Senior Theology Brief Look Back at Church History September 2014

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  • Senior TheologyBrief Look Back at Church HistorySeptember 2014

  • The Early ChurchPre Christian RomeLaw/Justice necessary for orderly societyJustice for each in the social orderLandowners, artisans, freed slaves, slaves, lowestNot necessary to move between orders or aid other ordersChristianity introduces concept of Charity/caritas

  • The Early ChurchCharity/CaritasAll are equalexamples????A radical ideaChurch still incorporated some idea of law from Rome, especially when Christianity became legal

  • The Early ChurchChristianity becomes legal religion of all; takes root andSpreads during the Pax RomanaBasic organization: bishop of Rome, plus other bishopsfrom the Apostles; shepherd, sanctify & teach.Assisted by priests & deaconsBishop of Rome is most importantwhy?

  • The Early ChurchSpread of ChristianityConstantines Edict of Milanhe sees Christianity as unifying force for the EmpireHelps evangelizationChurch adopts Roman methods of administration & Justinian Code of Lawa reform of civil law that reflected Christian values. Includes protection for women & children but still reflects customs of the timerepressive measures against non-Christians

  • The Early ChurchCollapse of Rome in 476.Pope & bishops looked to as civic as well as religious leaders.Gregory the Great (590-604)Monasticismstrong force for Christianitys growthSt. Antony of Egyptfather of monasticismSt. Benedictfather of western monasticism; Rule of St. Benedict becomes model for future monasteriesMonasteries become centers of learning & evangelizationstability in unstable times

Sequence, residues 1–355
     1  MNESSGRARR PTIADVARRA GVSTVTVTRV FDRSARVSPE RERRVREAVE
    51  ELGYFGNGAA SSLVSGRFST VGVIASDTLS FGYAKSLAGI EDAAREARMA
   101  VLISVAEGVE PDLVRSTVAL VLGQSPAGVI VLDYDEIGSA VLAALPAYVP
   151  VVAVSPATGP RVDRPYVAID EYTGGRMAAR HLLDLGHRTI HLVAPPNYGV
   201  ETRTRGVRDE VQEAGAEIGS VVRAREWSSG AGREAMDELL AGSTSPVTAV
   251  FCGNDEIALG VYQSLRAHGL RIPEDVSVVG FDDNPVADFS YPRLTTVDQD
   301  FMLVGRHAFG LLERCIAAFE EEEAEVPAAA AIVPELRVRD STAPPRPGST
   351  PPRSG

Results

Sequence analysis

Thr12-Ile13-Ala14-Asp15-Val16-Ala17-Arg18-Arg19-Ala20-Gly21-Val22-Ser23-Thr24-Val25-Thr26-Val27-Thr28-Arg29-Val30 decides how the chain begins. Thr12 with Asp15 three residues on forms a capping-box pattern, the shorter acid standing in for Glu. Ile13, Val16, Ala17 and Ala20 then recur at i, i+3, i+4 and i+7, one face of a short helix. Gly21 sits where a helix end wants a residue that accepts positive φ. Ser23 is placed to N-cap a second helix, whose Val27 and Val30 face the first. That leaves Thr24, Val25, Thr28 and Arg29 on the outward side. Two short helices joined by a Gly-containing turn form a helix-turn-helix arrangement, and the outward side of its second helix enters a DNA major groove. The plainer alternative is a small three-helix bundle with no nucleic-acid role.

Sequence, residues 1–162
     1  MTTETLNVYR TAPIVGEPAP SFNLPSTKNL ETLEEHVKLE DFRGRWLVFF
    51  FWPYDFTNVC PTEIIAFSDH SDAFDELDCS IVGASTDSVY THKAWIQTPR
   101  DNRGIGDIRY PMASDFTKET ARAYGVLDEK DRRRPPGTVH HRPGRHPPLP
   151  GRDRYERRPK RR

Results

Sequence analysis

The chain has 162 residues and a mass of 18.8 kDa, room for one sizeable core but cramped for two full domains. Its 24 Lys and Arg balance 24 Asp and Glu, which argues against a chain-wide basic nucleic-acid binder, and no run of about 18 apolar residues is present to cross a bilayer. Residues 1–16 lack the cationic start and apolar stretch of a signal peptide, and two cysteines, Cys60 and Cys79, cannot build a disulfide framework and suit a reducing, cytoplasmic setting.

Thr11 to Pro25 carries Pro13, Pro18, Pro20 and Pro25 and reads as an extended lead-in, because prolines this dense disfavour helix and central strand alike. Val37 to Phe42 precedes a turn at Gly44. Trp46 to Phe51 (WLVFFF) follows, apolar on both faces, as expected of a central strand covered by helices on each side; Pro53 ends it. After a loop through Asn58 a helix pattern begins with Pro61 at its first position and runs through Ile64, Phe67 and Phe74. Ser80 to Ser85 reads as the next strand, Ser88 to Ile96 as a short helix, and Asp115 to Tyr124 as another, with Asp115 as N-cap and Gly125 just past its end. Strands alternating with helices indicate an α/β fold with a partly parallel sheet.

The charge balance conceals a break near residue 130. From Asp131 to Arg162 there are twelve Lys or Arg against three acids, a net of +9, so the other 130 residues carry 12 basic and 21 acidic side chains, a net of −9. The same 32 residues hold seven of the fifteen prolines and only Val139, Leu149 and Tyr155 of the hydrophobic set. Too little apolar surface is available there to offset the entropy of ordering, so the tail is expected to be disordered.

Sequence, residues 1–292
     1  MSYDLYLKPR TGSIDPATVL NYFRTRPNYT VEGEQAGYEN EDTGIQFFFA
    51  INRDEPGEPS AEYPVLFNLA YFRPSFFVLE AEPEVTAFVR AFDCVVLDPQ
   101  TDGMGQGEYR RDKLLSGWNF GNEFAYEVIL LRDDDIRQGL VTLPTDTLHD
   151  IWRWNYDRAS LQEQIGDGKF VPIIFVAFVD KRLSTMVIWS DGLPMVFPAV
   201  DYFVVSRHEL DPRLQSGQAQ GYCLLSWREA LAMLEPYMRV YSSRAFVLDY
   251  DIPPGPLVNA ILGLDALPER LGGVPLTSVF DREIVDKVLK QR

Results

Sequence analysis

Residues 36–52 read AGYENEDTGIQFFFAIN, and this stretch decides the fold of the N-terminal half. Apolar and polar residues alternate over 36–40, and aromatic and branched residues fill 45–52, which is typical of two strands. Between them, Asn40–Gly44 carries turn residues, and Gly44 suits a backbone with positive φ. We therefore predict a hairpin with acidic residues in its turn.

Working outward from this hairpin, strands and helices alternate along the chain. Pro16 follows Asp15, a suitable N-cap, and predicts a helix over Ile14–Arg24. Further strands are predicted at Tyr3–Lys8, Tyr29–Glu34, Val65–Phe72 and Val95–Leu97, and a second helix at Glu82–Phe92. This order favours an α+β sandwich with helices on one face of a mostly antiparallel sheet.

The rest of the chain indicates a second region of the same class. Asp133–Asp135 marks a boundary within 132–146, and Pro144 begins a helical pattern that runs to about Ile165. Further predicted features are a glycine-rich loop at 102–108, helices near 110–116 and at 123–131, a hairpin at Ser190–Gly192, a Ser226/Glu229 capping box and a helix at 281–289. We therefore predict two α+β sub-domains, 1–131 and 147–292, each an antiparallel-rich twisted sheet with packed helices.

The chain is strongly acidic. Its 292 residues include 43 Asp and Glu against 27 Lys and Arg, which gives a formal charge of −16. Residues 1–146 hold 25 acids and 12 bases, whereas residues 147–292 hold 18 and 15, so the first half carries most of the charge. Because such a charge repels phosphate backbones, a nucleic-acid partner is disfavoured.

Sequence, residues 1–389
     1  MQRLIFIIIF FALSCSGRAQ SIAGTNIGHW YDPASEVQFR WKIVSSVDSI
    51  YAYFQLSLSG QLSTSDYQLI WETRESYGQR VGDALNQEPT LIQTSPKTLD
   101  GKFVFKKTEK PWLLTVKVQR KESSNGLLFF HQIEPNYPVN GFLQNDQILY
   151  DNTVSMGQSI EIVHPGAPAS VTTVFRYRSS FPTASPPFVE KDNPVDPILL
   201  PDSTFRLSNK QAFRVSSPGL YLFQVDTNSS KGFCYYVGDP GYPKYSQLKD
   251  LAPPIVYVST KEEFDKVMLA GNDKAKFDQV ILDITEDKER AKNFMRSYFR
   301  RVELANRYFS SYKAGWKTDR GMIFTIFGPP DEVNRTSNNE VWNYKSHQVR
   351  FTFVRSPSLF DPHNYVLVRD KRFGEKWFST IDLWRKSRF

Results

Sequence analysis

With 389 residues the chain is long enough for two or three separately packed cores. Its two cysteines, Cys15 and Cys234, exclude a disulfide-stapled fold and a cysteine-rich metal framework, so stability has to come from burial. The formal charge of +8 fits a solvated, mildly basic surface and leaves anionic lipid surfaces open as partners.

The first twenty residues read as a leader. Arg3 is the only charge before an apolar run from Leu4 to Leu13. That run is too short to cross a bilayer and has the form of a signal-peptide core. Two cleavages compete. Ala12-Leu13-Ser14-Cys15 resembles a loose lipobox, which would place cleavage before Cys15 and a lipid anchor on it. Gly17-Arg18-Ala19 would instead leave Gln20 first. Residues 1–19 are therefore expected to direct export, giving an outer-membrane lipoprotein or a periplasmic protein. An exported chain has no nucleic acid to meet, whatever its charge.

• The Early ChurchPatristic AgeFathers of the ChurchFranksClovis, Pepin, then Charlemagne andHoly Roman Empire: an alliance between Church and stateRise of IslamMuslim invasion, loss of the Eastern Church in Syria, Palestine, North Africa & Spain; isolates the Western ChurchBeginnings of split between Pope, emperor & Patriarch of Constantinople

  • The Middle AgesEarlyThe Dark Agesbreakup of Holy Roman Empire; invasions by Norsemen & VikingsRise of FeudalismSecular control over the Church with abuses likeLay investiture, simonyReforms under various popes to free papacy from secular control

  • The Middle AgesCouncilsseeking spiritual reform; clear definitions of Catholic doctrineCouncils throughout all time periods1054Eastern Schismresult of centuries of differences between Western and Eastern Churchlanguage, culture, theology, politicsCrusadesattempt to open Holy Land to Christian pilgrimsMixed resultsviolence against the innocent but opened the West to trade, new ideas, end of feudalism

  • The Middle AgesMendicant (begging) orders helped call the Church back to Gospel Values & simplicityCathedrals & universities; scholastic theologygreat thinkersSt. Thomas AquinasThe Peace of God (spared women, clergy, children & peasants from attack) and the Truce of God (limited days to fight in a yearonly 80; none Wed evening till Monday morning; religious holidays)Just-War Theoryroots in St. Augustine & Thomas AquinasHowever, later popes try to exert idea of pope is sovereign over kings

  • Schism, Reform, RenewalProtestant Reformation Eventually, reforms followed